Skip to main content

new school year

Today was day one of the required 180 Lucy must complete this school year. Indiana has awesome homeschool laws - keep attendance showing 180 days of instruction. That's it. Seriously. We are free to teach and do whatever we like, spending as much or as little time on it as we want.

We have converted our master suite into a homeschool room and storage area. We bought small desks for each of the children, and today they were finally allowed to play with the long-awaited school supplies!

The room before desks, and one of Lucy's art class projects from last year, which hangs on the wall in this room.

The kids were so eager to learn that they all happily got dressed this morning and were at their desks at 7:30 a.m. - a full half hour earlier than I'd hoped to get started.

After about 15 minutes spent on calendar, weather, reading a book about Johnny Appleseed, coloring the letter A, practicing finger writing on a sandpaper A, and an apple tree size ordering flannel board activity, they broke into two groups. Lucy got to work on her math workbook. Today she was doing 10s and 1s up to 50. This workbook is almost completed because she worked on it last year. It is first grade level, and by October she will be working at second grade level (she would be in first grade in public school this year). Later she also did some work in a phonics workbook, and read chapter one of the first Magic Treehouse series book. Later this afternoon, we will make apple print paintings and watch a DVD about Johnny Appleseed from the library.
Meanwhile, Truman and Penny explored a large tub of wheat. This was some expired wheat we had in our food storage. They buried small diorama figures, and used scoops, cups, and a magnifying glass to excavate.

I love homeschooling my children. I know it's not right for every family, and I don't judge those who choose to send their children to public or private schools away from home. It's not right for every child, either. For us, it works. We are blessed to be in a ward where there are at least four other homeschooling families, and live in a city where there are several co-op groups to choose from. We are signed up with one that begins in September. Once a week for three hours, the kids will go to class with like-aged children. I will teach one of their classes, though I'm not sure yet which one. Lucy will also start art class again soon, as well as swim lessons. Life is good. Busy... but good.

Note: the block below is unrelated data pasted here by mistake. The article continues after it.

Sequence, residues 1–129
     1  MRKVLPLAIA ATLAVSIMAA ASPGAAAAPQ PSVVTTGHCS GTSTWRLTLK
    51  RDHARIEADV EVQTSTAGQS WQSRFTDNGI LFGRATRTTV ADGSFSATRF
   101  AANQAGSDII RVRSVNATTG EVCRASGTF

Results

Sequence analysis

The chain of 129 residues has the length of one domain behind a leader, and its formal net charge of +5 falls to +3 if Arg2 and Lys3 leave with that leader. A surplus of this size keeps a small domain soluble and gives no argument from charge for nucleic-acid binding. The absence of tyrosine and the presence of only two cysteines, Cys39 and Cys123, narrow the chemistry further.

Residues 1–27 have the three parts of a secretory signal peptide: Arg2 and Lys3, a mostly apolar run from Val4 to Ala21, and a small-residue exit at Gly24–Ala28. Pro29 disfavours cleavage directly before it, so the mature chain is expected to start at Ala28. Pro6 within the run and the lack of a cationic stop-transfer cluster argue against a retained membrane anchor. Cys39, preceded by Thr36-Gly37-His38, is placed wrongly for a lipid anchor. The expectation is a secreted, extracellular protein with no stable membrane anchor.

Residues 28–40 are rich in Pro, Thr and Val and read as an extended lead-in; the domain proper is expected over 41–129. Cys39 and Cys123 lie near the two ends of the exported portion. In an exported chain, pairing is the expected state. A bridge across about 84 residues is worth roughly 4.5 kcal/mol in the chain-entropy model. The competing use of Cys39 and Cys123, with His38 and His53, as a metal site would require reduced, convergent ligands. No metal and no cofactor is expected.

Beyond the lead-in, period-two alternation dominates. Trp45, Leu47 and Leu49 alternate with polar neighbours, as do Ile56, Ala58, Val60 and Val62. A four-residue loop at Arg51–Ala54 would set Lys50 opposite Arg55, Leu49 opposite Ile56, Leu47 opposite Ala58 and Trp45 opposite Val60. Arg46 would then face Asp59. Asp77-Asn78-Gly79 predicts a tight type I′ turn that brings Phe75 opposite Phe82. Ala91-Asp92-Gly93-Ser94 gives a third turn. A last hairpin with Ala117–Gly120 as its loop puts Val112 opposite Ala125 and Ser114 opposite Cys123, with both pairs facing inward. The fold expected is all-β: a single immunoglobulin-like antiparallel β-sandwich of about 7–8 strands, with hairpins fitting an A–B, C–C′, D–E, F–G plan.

1. I love what you are doing for your children!

  2. What a great set-up. I love the desks. I'm sure your kids will have lots of fun and learn a lot stuff.

  3. You go Heather!!! I will start homeschooling our oldest this year.


Post a Comment

Popular posts from this blog

My Abortion & When I Used Planned Parenthood

I don't post much political stuff on this blog or even on Facebook. I figure, people have political opinions based on their own values and their own experiences, and reading someone else's will rarely change anything. I am, however, deeply disturbed by the way a particular issue is playing out in American politics right now, and so in addition to this blog post, I am sending letters and photographs to all of my elected officials to ask them to consider all angles of a topic rather than listening to one very vocal group who views all abortions as pure evil.

First, I have been a patient of Planned Parenthood in the past. As an uninsured college student and even un- and under-insured newlywed in my early 20s, a trip to the gynecologist for an annual exam plus a monthly prescription for birth control would have been far outside my financial means as I worked (sometimes part-time, often full-time) while going to school. Planned Parenthood's sliding fee scale meant I could have …

Aw, snap! (goes Truman's arm)

We didn't get any calls for foster placements for several weeks. It was starting to bother me - why not us? Then I saw on our local foster parent Facebook group a woman asking for respite care for her three little ones for a weekend. I could do that! She and I made arrangements to meet Friday at 3:30 after I picked up Lucy from school and we'd have the kids through Sunday afternoon, then Dave and I would be leaving to go see U2 and Beck in Indianapolis for MY BIRTHDAY.

Friday was going along just fine, and I had just gotten my purse and keys out so I could be ready to leave in a minute to pick up Lucy and the little foster kids. Jacinda was napping and Penny was playing on the computer. Truman had been jumping on the trampoline for about fifteen minutes. Suddenly, Truman screamed.

Not a 'ouch' scream.

The kind of scream that kicks your parental instinct into overdrive and you drop everything you are doing to run to the aid of that screaming child.

I went out the back d…

love that has nowhere to go

Several months ago, someone shared with a card that said, "Grief is love with nowhere to go." As I've thought of that over and over again, I believe it is entirely true. Grief is not just sadness or depression. It's a constant presence of dark despair. It's a feeling of wanting to speak to or hold someone who just isn't there, and there seems no possible way to alleviate it in any other way. It leads to disturbing impulses like to dig up my baby's grave so that I can hold him again, or long for death so I can be with him again. The love needs a place to go.

Another thing I have thought about often is "For me, to live is Christ." I heard this on a song on the radio one day and didn't understand what it meant. I came home and googled the phrase - it's from Philippians - where Paul is writing and telling people that whether he lives or dies, Christ is glorified. He says (I am paraphrasing) that he would prefer to die because he'd be wit…